When people ask me to name my favorite albums, I intentionally disregard Kind of Blue. It has nothing to do with the music, itself. In fact, this 1959 release from jazz icon, Miles Davis is one of the few albums I would consider “flawless.” But, at this point, referencing Kind of Blue is simply cliché. It’s like saying that your favorite basketball player is Michael Jordan. Even people who don’t listen to jazz have been known to spontaneously burst into flames while discussing the genius encapsulated in this fifty-five minute display excellence. Kind of Blue has transcended sound and taken on a much greater role outside of itself, relative to Bob Marley’s elevation from reggae frontman to a figure adorning seemingly every college dormitory in America. There is jazz, jazz artists, jazz albums, and then there is Kind of Blue.

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Kind of Blue contains a level of influence that has touched practically every arena of music. It has reshaped chord structures and improvisational techniques. It has influenced musical composition and arrangement. Above all, it has shifted our entire understanding of what it means for an album to be considered a “classic.” Universally accepted, this is the closest we have come to genuine perfection in musical form. Fifty-two years ago today, music was revolutionized. While this may seem like it has formally been inducted into musical antiquity, it’s sounds manage to resonate in the present.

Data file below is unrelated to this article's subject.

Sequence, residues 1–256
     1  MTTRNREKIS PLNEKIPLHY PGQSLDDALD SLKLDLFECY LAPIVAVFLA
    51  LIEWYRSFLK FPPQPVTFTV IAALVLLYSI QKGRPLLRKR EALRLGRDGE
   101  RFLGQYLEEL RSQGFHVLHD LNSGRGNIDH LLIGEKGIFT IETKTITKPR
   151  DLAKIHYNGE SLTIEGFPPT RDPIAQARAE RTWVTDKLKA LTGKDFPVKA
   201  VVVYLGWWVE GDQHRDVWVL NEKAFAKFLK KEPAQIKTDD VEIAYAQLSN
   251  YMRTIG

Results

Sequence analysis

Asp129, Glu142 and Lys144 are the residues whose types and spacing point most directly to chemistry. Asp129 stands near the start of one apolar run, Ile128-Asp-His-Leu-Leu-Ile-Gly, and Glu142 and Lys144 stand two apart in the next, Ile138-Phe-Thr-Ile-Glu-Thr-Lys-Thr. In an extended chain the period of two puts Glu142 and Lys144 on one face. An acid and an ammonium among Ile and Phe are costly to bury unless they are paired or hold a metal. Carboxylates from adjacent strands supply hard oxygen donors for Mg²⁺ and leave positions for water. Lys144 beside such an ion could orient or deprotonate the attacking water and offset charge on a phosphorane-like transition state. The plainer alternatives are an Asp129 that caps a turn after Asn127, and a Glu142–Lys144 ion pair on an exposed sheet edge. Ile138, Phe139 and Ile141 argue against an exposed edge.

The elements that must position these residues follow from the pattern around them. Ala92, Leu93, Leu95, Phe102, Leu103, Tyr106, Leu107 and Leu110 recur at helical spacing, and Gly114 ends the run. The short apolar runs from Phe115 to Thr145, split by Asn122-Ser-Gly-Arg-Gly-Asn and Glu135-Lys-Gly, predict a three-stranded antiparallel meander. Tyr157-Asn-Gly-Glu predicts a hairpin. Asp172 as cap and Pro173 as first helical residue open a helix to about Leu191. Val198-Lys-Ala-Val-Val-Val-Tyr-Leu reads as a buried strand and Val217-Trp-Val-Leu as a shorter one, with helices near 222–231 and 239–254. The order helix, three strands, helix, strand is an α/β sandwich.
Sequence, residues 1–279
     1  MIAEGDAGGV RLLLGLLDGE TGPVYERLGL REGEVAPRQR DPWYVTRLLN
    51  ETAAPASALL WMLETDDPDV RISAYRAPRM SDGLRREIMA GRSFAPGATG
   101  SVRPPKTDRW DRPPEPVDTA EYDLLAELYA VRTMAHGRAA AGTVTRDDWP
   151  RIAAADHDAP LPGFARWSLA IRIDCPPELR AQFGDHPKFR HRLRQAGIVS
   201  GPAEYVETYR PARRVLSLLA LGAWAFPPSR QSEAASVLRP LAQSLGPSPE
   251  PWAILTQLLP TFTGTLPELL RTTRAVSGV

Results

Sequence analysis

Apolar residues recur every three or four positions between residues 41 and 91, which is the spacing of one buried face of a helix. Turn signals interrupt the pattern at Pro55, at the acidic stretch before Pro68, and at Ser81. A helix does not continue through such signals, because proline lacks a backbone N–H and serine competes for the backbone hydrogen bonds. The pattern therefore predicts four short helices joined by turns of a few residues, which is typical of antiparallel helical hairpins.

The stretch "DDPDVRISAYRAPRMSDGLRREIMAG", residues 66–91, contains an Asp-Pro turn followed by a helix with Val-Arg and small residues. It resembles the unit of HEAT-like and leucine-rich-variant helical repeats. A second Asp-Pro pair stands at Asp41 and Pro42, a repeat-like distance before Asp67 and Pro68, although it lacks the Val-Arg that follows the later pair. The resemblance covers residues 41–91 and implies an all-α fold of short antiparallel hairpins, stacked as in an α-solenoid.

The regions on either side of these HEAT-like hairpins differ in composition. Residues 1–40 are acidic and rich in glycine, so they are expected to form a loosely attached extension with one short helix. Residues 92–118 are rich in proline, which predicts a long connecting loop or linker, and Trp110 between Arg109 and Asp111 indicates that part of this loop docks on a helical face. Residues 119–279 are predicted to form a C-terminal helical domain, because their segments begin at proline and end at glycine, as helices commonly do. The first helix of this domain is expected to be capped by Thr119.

However, if you still don’t understand the relevancy of Kind of Blue today, allow me to introduce you to the sounds of Nesby Phips and Ski Beatz.

I was introduced to the song awhile back and it has stuck with me ever since. Legendary producer Ski Beatz keeps much of the song’s original feel intact, while Phips glides along the beat with an effortless delivery. It’s a tribute pulled directly from the forward-thinking soul of Davis. If you haven’t already, take a moment today and appreciate music’s past and present, Miles Davis’ Kind of Blue.

“I dive into the sky and be suspended in time/I’m alive long as I live in your mind…” – Nesby Phips

Written by: Paul Pennington

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